DHS v. Regents of the University of California
On November 12, 2019, the Supreme Court of the United States heard oral arguments in the case of Department of Homeland Security v. Regents of the University of California, consolidated with Trump v. NAACP and McAleenan v. Vidal, to decide whether the Department of Homeland Security (DHS) can rescind the Deferred Action for Childhood Arrivals policy (DACA). The questions were:
(1) Is DHS’ decision to wind down DACA is judicially reviewable; and (2) Is DHS’ decision to wind down DACA lawful?
What is DACA?
DACA enabled people who came to the United States before the age of 16 to apply for “deferred action,” a form of prosecutorial discretion, and a work permit. The program has protected over 700,000 people in the United States. On September 5, 2017, then Attorney General Sessions announced that DACA would be rescinded. Several litigants challenged the rescission in the courts and the cases were consolidated for Supreme Court review.
What did the Supreme Court Decide?
On June 18, 2020, the Supreme Court of the United States held 5-4 that the decision by the DHS to terminate DACA was:
- Reviewable in court; and
- “Arbitrary and capricious” under the Administrative Procedure Act (APA).
The Court reasoned that the “agency must defend its actions based on the reasons it gave when it acted”. Consequently, DHS failed to consider “reliance” interests such as a broader renewal period for DACA recipients or a more accommodating termination date. The Court said that while DHS was not required to consider all policy alternatives, “it was required to assess whether there were reliance interests, determine whether they were significant, and weigh any such interests against competing policy concerns.”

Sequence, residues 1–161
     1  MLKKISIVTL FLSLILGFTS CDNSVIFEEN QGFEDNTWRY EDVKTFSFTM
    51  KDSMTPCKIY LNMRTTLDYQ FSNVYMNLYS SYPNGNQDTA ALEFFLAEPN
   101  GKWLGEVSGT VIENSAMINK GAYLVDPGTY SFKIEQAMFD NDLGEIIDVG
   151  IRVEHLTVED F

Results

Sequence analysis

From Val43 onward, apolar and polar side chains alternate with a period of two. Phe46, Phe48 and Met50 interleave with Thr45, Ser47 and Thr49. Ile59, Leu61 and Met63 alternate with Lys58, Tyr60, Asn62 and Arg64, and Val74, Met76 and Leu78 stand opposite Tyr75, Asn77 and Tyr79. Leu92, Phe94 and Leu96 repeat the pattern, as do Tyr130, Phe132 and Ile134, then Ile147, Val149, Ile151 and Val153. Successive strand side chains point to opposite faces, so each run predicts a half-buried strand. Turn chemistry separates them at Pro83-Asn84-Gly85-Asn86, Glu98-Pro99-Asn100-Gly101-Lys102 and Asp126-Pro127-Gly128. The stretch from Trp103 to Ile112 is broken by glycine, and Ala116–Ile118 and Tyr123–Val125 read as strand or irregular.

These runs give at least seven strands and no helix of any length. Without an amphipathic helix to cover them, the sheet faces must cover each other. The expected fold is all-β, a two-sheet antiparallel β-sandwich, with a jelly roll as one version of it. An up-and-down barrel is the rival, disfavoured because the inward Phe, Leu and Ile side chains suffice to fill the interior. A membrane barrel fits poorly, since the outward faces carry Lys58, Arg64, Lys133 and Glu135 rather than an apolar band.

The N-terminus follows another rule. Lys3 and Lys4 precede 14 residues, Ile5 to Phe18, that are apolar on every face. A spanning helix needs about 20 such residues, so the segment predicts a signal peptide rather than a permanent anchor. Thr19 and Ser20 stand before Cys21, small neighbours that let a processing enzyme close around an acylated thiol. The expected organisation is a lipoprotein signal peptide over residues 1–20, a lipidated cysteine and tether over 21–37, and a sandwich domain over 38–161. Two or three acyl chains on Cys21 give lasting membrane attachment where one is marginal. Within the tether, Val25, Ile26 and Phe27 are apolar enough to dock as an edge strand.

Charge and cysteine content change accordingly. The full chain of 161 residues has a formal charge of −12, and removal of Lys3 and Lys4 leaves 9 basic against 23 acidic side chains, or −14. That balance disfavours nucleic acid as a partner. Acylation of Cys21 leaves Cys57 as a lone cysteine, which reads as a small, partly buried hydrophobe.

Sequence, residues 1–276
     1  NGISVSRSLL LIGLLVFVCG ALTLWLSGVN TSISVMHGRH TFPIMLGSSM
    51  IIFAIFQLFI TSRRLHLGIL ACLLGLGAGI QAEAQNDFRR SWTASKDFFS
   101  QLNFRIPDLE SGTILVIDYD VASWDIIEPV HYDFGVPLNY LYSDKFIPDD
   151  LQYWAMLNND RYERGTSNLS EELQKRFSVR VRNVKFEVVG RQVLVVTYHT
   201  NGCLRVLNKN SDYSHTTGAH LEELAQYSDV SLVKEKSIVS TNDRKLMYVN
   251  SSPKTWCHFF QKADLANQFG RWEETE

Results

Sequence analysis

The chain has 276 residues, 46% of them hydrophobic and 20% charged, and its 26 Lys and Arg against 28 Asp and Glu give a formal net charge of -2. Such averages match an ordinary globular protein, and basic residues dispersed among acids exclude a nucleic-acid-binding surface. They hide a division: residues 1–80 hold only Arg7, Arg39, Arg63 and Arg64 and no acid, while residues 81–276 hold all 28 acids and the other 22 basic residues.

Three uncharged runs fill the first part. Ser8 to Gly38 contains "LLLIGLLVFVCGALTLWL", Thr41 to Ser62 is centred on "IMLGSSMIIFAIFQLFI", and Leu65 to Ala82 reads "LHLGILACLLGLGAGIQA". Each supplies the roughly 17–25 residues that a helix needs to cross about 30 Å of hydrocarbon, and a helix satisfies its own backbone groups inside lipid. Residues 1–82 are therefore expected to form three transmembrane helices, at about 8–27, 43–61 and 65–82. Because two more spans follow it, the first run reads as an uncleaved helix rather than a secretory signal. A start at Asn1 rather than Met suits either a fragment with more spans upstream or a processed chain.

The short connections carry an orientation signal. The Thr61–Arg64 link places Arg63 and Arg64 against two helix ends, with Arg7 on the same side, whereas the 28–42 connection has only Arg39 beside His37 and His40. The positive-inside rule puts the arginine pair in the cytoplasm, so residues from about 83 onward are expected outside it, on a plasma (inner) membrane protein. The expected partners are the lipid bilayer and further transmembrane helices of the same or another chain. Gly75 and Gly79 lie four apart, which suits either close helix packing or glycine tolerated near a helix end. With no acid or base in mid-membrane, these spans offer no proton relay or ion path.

Put another way: You have a lot of power, but don’t be a jerk about it!
As a result of the decision, the Court remanded all three (consolidated) cases for further proceedings. As a separate matter, the Court rejected a claim under the Equal Protection Clause of the U.S. Constitution.
WHAT YOU NEED TO KNOW ABOUT THE STATUS OF DACA
Does Today’s Decision Mean the DACA Can Never End?
No. The Court found that DHS failed to provide a reasonable explanation for ending DACA. President Trump announced that he is working on a new explanation for ending DACA.
Did the Supreme Court Make a Decision About Whether DACA is Lawful?
No. DACA remains in effect because the effort to terminate it failed.
Can I submit an application for DACA for the FIRST time?
The Supreme Court’s decision means that DACA should be fully reinstated, allowing for first time DACA requests. With that said, DHS will need to reopen the DACA policy for new requests consistent with today’s decision. But, this may not happen immediately.
I have DACA. Can I renew my DACA?
If you already have DACA, you should be able to submit an application to renew DACA.
I have DACA. Can I apply for advance parole international travel?
Advance parole should be reinstated. DHS will need to reopen the DACA policy for advance parole requests consistent with today’s decision. But, this may not happen immediately.
This information is for general purposes only and may not apply to your particular situation. Consult privately with an attorney.
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